gardening
Coronavirus Mind & Body

Gardening for Health

Practicing social distancing means more time spent at home. And many people use this time to start a garden in their backyard. There’s a saying that you reap what you sow. And in the case of a vegetable garden, a rich harvest may bring more than dinner. Gardening is good for your body and mind, said dietitian Anya Guy.

So go ahead and dig in. You may go from an empty plot to a bounty. Guy said tending a garden offers an abundance of health benefits. “You will increase your intake of fruits and vegetables, ultimately because you have them right in your backyard,” she said.

Gardening also can help reduce stress and anxiety levels, and offer light physical activity. Wondering what to grow? Guys suggests a rainbow of variety because “different vegetables have a variety of different health benefits unique to each of them.”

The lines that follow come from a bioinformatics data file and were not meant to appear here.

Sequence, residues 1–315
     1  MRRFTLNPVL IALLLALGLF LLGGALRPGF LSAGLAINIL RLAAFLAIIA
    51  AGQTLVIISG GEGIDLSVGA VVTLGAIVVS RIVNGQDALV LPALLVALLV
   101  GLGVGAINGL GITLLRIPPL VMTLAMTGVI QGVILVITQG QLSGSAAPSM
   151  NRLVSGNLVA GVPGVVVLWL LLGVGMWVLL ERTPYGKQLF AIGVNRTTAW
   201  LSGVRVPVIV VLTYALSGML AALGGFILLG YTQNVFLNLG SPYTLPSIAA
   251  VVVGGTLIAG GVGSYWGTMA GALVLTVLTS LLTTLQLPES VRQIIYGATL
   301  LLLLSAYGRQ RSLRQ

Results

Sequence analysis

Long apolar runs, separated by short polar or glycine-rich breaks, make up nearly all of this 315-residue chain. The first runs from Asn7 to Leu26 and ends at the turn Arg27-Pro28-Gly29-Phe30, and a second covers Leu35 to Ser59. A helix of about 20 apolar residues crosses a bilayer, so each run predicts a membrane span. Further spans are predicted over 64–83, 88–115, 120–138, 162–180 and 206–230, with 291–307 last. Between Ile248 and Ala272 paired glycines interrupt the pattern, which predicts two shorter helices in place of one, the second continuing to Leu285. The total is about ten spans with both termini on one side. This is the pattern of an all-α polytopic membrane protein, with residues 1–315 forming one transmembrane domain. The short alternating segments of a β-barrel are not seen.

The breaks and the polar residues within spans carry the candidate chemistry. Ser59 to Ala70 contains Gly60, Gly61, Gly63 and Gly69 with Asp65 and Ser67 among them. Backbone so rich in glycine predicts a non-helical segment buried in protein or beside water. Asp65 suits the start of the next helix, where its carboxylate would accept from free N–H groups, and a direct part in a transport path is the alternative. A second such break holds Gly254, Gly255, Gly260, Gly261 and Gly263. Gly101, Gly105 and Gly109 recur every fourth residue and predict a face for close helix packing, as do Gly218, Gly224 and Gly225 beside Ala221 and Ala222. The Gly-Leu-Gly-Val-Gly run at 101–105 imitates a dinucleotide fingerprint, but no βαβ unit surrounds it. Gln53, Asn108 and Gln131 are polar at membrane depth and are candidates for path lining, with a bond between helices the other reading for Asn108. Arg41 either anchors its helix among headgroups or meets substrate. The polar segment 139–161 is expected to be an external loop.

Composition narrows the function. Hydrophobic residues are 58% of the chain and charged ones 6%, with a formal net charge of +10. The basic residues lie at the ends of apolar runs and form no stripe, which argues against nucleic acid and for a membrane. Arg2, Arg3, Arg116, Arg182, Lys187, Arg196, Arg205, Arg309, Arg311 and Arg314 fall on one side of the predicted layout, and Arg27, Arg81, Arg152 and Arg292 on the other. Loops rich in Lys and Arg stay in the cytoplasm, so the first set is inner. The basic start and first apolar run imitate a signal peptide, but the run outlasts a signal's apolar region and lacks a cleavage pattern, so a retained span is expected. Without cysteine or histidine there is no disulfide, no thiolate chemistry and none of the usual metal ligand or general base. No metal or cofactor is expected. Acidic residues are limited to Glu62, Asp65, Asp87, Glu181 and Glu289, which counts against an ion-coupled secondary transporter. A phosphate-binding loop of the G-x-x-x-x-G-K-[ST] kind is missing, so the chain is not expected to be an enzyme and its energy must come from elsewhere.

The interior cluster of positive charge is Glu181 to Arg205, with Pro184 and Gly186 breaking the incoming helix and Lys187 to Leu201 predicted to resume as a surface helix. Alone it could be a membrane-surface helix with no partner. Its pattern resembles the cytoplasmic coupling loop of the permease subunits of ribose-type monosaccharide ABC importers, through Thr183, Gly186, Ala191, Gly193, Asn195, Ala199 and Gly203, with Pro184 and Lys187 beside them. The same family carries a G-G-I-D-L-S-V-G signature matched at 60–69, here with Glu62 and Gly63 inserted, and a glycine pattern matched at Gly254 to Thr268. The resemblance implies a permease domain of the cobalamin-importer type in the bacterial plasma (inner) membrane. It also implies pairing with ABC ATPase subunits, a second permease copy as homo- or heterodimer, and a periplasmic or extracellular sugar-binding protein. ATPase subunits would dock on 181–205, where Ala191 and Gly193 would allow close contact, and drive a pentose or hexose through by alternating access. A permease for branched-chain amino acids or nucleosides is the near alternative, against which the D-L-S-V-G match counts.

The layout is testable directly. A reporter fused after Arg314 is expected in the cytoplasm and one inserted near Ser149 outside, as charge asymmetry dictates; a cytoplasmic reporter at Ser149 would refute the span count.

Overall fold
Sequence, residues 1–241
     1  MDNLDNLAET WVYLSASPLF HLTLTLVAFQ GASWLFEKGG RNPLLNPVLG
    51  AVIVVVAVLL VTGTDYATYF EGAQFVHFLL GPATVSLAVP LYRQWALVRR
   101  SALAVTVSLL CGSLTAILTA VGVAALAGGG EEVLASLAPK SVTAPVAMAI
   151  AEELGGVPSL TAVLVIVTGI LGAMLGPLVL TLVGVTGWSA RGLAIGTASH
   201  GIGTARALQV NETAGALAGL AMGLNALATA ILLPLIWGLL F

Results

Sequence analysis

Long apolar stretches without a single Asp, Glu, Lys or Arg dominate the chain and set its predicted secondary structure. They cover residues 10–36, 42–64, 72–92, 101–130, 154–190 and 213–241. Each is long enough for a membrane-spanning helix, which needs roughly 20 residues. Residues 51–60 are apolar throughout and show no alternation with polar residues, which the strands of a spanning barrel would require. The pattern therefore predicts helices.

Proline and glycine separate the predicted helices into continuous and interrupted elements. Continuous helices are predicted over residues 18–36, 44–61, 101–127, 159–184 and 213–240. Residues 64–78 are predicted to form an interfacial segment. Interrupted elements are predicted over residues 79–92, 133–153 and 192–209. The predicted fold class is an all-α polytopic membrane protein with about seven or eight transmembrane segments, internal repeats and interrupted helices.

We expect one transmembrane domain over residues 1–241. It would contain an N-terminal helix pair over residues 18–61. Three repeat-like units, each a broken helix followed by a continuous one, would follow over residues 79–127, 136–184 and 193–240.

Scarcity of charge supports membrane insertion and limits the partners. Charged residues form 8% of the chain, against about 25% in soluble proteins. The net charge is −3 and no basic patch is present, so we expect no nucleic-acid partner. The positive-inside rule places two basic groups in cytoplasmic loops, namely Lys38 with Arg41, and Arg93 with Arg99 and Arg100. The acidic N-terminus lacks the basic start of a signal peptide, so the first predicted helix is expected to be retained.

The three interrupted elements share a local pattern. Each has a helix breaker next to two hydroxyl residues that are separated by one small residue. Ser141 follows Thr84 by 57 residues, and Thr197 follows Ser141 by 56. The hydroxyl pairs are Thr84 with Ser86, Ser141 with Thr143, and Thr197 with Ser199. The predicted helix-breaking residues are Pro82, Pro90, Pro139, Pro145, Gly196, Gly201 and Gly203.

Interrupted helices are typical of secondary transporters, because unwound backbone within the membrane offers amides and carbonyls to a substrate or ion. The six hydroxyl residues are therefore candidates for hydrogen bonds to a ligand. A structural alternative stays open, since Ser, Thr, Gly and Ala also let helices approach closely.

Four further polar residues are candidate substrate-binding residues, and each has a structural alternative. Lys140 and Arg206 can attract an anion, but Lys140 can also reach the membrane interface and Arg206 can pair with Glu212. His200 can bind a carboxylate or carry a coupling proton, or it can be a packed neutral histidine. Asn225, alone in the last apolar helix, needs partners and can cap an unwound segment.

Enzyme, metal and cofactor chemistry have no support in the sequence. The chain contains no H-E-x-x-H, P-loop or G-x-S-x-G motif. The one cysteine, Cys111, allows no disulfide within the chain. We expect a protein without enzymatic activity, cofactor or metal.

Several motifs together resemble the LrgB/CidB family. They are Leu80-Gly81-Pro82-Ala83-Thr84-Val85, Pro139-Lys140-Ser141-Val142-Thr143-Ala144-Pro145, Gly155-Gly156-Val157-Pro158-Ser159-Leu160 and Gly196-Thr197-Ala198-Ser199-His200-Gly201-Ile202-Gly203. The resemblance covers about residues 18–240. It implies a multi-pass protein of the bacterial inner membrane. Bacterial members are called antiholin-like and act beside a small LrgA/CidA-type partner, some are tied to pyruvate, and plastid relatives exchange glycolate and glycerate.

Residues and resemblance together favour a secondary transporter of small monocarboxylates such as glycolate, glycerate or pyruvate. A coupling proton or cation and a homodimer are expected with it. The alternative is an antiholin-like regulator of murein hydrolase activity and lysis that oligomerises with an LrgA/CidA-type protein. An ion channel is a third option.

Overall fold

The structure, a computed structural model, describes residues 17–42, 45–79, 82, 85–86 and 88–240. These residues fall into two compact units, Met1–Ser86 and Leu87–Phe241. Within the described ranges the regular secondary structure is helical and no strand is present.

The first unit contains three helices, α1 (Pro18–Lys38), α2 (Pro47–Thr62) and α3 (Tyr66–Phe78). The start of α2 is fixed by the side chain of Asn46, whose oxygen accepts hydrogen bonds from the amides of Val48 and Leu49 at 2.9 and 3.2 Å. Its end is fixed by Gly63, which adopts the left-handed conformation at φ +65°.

Chili peppers and banana peppers contain capsaicin, which has been shown to have a number of health benefits. And then there’s eggplant,  which, according to Guy, “grows surprisingly well in a home garden. It’s easy to grow and it can feed a lot of people in the family.”

Another good garden go-to: tomatoes. Rich in antioxidants, tomatoes contain potassium, vitamin C and are a source of fiber.

Can’t grow a garden at home? “keep in mind that community gardens are another option,” Guy said.

Related:
Denard Fobbs, M.D.: From Detection to Prevention

Embrace your green thumb, and you may be able to unpack your vegetable basket instead of a grocery bag.

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